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How much notice to give on retirement -- at any company

Information and advice from HP, HPI, and HPE alumni.

[A member asked us to pose this question on the HPAA Transition Forum. Here are the anonymized replies.]


"My current employer isn't HP. One of my peers recently told our manager and the team that he will probably retire in the next several years.

This has me wondering how far ahead I should let my manager know about retirement plans. I have no definite plans about retirement but it seems likely that some time in the next 2 to 8 years I'll decide I've worked enough and retire.

We are both at the top of the technical ladder with fairly unique skill sets. My colleague announced his plans to make time to identify and groom a successor.

That seems like a nice thing to do, but we get grants of restricted stock units that vest over 4 years. The grants that vest each year have a value that is about half my annual salary.

Financially, by every calculation I've done, I could retire now but I don't feel ready. There are some things I'd like to finish first, and I'd like more margin.

My employer values skill and innovation. It is unlikely that making my plans known would mark me for layoff.


I trust my manager. However, isn't even the best and fairest of managers likely to give a 'short timer' less of a grant so they can give more to someone else?"

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"I would be very careful telling your manager about your retirement plans. In November of 2013 I told my manager I planned to retire in two years.  Quite a coincidence that I was one of two people selected for WFR the following May."


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"Saying that one will probably retire in the next several years in not at all necessary in my opinion.  I can't imagine that any more than six months is in the employee's best interest regardless of how tough it would be to fill the vacancy.  HP's EERs were always less than six months from the time they were announced to the date at which you would need to be able to leave.  The 2012 EER did allow them to keep you an extra year, but there was a significant bonus for signing up to that potential extra year.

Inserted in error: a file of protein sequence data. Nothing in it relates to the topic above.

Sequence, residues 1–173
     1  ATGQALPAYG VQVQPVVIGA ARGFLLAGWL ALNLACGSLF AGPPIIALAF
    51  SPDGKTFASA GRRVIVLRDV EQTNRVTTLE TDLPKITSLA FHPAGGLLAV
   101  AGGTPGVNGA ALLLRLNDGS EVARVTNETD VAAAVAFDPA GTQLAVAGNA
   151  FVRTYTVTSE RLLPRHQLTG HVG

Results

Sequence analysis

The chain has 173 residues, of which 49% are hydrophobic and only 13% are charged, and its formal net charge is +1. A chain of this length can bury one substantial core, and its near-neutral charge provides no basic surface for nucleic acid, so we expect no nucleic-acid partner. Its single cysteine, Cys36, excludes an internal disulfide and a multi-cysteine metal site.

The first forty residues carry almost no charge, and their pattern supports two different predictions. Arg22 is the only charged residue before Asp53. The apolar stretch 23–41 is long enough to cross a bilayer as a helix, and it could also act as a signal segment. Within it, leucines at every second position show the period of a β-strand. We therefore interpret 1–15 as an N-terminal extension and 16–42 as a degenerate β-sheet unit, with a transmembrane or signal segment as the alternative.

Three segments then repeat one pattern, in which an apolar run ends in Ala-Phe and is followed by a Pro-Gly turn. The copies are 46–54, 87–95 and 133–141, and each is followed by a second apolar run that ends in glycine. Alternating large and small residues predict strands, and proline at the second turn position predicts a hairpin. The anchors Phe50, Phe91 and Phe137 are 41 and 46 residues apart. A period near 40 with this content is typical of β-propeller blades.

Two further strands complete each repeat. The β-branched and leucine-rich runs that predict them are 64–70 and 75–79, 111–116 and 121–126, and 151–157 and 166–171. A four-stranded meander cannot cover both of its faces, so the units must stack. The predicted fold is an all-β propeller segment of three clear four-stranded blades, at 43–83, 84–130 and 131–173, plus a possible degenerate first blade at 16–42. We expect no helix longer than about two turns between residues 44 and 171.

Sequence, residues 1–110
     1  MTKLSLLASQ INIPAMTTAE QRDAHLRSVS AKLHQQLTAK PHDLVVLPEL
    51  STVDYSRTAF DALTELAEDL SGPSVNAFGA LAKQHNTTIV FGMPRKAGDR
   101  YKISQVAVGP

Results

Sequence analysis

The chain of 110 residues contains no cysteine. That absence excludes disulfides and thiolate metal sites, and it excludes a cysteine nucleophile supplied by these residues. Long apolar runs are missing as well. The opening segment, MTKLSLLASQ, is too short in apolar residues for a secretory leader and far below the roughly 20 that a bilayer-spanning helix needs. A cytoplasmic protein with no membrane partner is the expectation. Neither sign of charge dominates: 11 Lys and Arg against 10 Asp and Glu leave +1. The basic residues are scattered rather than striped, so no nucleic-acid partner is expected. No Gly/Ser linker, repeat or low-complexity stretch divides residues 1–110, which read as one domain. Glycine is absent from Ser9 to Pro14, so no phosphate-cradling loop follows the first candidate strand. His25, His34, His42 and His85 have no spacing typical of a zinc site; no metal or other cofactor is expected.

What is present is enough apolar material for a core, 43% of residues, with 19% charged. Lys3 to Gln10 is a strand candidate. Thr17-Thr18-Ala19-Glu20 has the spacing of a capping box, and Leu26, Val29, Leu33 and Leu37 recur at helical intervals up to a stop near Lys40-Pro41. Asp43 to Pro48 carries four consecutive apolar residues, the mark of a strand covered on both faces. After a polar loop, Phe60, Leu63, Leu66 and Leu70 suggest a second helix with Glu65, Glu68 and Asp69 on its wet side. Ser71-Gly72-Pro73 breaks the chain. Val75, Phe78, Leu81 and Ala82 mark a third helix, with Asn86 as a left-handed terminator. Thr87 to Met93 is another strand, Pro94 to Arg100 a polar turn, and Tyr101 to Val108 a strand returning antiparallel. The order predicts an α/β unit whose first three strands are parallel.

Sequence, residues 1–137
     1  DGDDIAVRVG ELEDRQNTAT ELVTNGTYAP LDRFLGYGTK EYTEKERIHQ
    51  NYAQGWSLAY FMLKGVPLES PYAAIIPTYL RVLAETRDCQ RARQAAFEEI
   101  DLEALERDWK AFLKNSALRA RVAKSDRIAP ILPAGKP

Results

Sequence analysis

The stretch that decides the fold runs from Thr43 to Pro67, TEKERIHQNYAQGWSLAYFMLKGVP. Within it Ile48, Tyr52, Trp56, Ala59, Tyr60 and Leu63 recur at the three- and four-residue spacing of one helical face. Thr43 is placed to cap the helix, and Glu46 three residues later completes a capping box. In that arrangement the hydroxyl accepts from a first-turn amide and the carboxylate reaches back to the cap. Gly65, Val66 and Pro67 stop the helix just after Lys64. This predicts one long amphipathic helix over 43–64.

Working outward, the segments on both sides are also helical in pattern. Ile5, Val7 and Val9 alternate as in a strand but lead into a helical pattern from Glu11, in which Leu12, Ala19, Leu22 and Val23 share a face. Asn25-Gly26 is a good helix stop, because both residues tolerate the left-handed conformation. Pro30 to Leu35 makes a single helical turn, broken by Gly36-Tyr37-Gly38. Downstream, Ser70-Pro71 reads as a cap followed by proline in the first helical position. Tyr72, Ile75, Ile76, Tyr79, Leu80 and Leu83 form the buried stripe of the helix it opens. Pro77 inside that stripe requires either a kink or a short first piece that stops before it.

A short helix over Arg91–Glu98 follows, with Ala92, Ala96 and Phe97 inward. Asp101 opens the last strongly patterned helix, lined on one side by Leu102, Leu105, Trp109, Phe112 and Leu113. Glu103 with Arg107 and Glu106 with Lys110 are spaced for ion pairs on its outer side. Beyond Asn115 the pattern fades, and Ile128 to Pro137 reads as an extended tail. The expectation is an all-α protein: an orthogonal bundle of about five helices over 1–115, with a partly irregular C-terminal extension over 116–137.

That said, I retired the first time with the 2005 EER but then came back to work at HP in the summer of 2007.   I was asked by a good friend on the interview team how long I would stay.  I said that I would commit to two years.  They still hired me, and I didn't retire again until the 2012 EER (leaving at the end of Feb. 2013 after being extended.  At no time did I ever feel that my status as a 'short timer' reduced my earnings or negatively impacted my position.  So clearly, I had good managers who in my opinion treated me very fairly.

I suppose that it is possible that if you let them know that you don't plan to retire before the stock grants fully vest, they might get the hint that if you don't get more grants, that you might be inclined to retire once the options do fully vest."

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"We all like to think that we are indispensable. HP, for example, has gotten rid of 120,000 people since 2002, but the company is still in business. With the changes in technology and the high-tech industry, your job may go away and you may not need to be replaced.

The chance that your managers will still be in the same roles, or even still at the same company, after a couple of years is slim. A friend was persuaded by her first- and second-level managers to stay instead of retire at a good time; a few months later they were both gone, her job was moved halfway across the country - but she couldn't uproot her family - and she was laid off at a very unfortunate time. Note that lower-level managers are not authorized to make any personnel commitments for the company.

Pre-announcing retirement will cost you financially. No matter how supportive your current manager is, other managers affect your finances. Your ranking will suddenly drop with no reason; monetary incentives will shrink; special privileges will slip away, etc. Especially after the inevitable reorganizations between now and your retirement date. Carefully research the time lines related to your compensation, performance reviews, incentives, etc. A couple of weeks' difference could cost you dearly.